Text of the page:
It’s now five days and counting since the news of Michael Jackson’s death and the coverage on the airwaves continues non-stop. Despite pleas from some viewers that the coverage is overdone, the networks—and in particular, the cable news outlets—continue to saturate with their “all Michael Jackson, all the time” coverage.
It’s easy to understand the cries of “enough already” from frustrated media consumers, but most of us have been around long enough to know that this attitude denies the reality of today’s media coverage. I think back to the last celebrity death that rivaled that of Michael Jackson’s—the death of Elvis Presley in 1977. Back then, there was no CNN, Fox News or MSNBC. Our televised news came from three networks, and although they did their fair share of coverage of the event, they knew that there were plenty of other things going on in the summer of 1977 that warranted our attention and planned their coverage accordingly.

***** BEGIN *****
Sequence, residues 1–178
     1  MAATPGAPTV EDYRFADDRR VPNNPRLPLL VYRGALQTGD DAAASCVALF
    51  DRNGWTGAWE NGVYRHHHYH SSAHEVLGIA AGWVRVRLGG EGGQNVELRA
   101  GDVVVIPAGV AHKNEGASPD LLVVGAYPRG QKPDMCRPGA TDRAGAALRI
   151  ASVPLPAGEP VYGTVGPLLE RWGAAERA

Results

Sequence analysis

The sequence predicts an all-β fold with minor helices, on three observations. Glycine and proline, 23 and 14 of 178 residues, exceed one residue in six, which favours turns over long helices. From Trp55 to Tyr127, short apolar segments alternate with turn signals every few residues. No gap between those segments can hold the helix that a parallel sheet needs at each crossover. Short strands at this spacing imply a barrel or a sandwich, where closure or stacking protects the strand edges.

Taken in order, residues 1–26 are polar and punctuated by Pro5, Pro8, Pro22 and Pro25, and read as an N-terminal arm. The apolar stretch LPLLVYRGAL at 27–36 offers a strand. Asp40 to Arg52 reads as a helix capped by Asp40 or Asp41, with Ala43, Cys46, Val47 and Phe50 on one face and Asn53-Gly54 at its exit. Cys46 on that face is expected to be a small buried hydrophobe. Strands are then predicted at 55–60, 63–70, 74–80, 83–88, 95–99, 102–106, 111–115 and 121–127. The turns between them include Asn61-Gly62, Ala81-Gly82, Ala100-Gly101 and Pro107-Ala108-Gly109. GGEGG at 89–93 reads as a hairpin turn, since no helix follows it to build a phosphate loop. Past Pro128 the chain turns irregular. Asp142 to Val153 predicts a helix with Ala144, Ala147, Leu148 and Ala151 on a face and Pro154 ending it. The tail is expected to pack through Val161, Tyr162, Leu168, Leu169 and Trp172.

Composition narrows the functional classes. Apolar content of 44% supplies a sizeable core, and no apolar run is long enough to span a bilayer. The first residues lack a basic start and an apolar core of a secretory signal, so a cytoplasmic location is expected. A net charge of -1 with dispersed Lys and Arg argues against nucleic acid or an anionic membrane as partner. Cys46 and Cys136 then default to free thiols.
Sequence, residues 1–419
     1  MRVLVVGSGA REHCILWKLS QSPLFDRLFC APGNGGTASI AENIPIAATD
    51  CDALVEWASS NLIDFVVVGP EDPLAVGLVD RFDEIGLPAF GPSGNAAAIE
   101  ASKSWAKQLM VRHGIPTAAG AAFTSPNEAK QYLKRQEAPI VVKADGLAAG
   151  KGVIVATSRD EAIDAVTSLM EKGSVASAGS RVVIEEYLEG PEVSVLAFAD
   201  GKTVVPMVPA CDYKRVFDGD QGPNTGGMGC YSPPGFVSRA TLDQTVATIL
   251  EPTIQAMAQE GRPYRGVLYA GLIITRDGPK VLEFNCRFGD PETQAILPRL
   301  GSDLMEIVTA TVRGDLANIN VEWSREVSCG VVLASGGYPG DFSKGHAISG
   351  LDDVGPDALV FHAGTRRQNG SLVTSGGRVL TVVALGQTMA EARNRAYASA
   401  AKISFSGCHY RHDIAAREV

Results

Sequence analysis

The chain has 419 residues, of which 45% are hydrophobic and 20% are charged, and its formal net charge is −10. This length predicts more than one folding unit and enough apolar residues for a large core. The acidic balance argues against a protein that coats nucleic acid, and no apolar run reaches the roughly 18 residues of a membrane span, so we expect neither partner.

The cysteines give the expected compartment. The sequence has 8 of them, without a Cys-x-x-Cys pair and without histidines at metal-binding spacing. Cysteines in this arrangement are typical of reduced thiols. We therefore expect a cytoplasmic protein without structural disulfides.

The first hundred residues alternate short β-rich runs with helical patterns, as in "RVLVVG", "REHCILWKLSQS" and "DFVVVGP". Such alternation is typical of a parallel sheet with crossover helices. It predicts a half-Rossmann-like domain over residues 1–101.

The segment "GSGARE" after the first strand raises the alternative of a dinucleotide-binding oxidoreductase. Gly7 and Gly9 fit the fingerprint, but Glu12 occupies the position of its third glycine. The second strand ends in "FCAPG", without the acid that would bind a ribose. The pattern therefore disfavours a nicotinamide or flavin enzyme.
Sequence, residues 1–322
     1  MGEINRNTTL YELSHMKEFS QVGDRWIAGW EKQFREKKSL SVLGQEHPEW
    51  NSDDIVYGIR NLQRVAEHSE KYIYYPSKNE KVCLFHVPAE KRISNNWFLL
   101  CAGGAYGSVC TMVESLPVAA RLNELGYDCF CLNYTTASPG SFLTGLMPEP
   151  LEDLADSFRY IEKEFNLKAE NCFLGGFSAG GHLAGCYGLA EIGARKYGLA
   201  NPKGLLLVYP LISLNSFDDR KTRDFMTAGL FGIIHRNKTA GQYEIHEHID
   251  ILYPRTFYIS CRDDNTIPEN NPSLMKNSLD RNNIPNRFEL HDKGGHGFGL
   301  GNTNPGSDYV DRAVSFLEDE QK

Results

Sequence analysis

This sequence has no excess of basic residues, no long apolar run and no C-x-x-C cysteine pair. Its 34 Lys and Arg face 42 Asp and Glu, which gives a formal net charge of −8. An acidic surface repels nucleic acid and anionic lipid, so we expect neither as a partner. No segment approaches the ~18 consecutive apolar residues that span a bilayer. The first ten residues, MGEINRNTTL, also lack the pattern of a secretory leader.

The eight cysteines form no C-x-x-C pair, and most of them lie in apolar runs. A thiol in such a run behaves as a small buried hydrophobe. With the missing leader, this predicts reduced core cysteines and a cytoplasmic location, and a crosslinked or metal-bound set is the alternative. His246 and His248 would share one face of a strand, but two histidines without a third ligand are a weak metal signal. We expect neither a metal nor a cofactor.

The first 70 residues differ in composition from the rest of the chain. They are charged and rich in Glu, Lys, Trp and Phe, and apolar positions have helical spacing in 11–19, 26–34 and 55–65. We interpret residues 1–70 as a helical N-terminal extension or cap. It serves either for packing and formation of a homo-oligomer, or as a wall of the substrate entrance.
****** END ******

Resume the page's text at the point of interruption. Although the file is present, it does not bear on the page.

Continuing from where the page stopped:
Michael Jackson’s death came at the end of a particularly fast moving news week. One minute we’re hearing about continued revolution in Iran, followed by a deathly metro crash in Washington D.C., followed by the salacious tale of a southern governor who went AWOL and ended up admitting to an affair. Summer months usually mean slow news periods but this was not a typical week.
In other words, the news networks were not scrambling to fill the empty void; nevertheless the Jackson news overwhelmed everything else on the planet and rightly so—very few living individuals can command his kind of worldwide fame. And the story has legs; MJ was a walking soap opera while he was alive and it’s become even more immense in his afterlife. This story won’t die quickly, even after the funeral and assorted memorials and tributes.
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